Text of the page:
The Republican attempt to reshape the nation’s health care system has grown increasingly dependent this week on the fragile alliance between Senate GOP leaders and a man they have clashed bitterly with for years: U.S. Sen. Ted Cruz, R-Texas.

Senate leaders are struggling to build conservative support for their emerging bill, with GOP aides and senators voicing growing skepticism that hard-right Sens. Rand Paul, R-Kentucky, and Mike Lee, R-Utah, can be convinced to back it. Conservative organizations, meanwhile, are complaining that Majority Leader Mitch McConnell, R-Kentucky, is offering proposals that would not sufficiently dismantle the law known as Obamacare.

But Cruz, after building a national brand stoking tensions with McConnell and his top deputies, is, in his own words, trying to “get to yes.” The former presidential hopeful has spoken positively about the negotiations, which he helped kick-start. His investment in the talks has generated cautious optimism among many Republicans that he won’t walk away from a delicate effort from which McConnell, with a 52-seat majority and Vice President Pence as a potential tie-breaking vote, can afford only two defections.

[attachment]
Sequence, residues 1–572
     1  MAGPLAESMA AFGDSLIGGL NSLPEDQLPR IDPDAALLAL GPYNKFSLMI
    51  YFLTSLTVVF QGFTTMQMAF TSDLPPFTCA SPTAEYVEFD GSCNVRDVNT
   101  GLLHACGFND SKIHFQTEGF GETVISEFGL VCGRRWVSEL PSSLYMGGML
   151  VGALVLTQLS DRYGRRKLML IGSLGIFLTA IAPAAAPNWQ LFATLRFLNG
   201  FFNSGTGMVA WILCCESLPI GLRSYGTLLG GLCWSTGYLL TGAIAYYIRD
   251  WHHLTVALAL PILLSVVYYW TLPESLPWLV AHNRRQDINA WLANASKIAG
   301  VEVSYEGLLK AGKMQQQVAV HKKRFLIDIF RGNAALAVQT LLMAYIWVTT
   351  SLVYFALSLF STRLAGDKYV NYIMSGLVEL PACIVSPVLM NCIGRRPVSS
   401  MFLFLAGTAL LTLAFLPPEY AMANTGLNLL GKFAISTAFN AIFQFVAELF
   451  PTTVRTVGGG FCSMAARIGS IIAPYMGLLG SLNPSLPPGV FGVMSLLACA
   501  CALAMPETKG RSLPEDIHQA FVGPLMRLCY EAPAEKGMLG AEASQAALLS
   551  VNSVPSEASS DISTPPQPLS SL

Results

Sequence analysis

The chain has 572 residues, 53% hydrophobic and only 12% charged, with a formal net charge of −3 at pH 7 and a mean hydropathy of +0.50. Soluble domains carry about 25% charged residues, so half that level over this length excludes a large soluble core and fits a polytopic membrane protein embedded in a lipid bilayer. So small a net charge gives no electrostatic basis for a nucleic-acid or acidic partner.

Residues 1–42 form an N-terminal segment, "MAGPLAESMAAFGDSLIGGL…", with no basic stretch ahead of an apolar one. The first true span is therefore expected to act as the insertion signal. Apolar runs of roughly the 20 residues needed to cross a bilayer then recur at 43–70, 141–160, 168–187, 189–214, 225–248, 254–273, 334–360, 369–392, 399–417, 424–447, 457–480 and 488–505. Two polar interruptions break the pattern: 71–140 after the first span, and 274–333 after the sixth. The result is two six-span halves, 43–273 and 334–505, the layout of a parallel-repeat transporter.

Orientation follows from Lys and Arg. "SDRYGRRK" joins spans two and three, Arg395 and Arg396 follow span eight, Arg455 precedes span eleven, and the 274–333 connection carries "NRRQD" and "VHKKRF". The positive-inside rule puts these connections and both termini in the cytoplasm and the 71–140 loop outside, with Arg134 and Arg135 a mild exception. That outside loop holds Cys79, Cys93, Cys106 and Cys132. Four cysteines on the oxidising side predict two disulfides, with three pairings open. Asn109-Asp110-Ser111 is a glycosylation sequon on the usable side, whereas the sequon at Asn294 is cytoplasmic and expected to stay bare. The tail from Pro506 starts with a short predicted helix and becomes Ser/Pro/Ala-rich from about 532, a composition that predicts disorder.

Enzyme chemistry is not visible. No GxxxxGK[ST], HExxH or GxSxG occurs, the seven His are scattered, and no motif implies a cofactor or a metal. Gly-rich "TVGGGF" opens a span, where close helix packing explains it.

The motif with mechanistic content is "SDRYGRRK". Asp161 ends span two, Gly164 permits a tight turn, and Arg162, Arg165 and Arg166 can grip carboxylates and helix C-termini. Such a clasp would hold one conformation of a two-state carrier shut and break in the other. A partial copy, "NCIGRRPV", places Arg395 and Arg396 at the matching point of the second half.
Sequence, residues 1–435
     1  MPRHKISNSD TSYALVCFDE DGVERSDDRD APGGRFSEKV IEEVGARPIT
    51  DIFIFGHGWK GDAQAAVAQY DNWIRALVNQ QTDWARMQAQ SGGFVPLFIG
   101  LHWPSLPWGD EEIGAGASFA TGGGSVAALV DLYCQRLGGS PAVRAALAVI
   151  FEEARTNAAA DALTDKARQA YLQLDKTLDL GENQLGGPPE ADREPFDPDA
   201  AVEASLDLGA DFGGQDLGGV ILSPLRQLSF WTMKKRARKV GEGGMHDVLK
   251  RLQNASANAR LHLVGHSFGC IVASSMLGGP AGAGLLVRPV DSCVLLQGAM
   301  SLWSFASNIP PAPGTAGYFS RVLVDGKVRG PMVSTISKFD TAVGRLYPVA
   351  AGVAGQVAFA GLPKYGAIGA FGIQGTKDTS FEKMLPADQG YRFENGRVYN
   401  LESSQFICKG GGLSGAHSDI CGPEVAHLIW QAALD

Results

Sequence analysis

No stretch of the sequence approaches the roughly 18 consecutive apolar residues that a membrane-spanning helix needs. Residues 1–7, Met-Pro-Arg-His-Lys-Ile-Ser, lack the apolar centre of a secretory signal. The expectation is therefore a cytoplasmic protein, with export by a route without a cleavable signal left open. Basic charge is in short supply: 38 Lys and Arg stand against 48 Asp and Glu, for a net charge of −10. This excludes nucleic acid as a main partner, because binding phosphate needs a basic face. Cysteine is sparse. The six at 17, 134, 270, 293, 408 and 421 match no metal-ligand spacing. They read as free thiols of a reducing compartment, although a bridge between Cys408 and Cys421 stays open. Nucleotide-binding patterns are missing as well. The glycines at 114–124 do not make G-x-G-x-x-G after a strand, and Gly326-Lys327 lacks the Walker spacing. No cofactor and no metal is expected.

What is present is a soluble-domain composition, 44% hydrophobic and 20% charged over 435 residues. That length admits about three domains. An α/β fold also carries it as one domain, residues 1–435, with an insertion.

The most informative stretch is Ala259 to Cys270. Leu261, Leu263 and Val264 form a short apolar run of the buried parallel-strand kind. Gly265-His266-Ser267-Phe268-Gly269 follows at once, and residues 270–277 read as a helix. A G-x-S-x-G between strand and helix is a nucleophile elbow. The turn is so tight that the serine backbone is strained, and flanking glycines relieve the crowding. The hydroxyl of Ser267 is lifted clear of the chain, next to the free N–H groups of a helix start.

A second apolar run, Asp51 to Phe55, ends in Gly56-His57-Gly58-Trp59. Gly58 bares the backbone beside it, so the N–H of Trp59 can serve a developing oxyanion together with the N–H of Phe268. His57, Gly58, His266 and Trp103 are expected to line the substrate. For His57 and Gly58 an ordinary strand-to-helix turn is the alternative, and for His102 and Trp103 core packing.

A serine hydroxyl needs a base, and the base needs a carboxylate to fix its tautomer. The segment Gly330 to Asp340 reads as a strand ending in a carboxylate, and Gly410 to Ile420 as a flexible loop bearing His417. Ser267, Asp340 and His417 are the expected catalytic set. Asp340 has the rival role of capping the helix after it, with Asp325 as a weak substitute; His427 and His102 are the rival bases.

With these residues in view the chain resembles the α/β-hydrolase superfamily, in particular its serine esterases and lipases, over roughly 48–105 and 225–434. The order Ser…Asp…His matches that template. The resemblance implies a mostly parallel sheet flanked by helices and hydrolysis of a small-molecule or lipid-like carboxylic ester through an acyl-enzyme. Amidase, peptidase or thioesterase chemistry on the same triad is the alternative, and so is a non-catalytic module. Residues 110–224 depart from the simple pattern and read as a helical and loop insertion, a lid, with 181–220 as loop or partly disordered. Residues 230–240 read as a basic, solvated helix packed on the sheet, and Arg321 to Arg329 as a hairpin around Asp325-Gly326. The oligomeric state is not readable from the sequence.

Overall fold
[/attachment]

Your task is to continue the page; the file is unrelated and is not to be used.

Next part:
Cruz’s current role is one few would have predicted a just a couple of years ago for a man who once called McConnell a liar on the Senate floor, and who, from his earliest days in the Senate, set aside the chamber’s customary politeness and built a foundation for his 2016 presidential bid centering on fighting the political establishment.

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But the senator’s colleagues need him as much as he needs them, so it’s a role many are embracing — at least for the moment.

“I’ve seen him come along and be pretty constructive,” said U.S> Sen. Orrin Hatch, R-Utah, who has been a Cruz critic.

Indeed, Cruz sounds much more diplomatic these days. He said Monday that “a lot of work remains,” but the talks in a working group that he started earlier this year with U.S. Sen. Lamar Alexander, R-Tennessee, have been “productive.”

“I’ve said from day one that I want to get to yes,” he said. “The consequences would be terrible to fail.” Yet Cruz also promised not to pass a watered-down bill. “Even worse than not passing a bill is passing a bill that makes the problems worse.”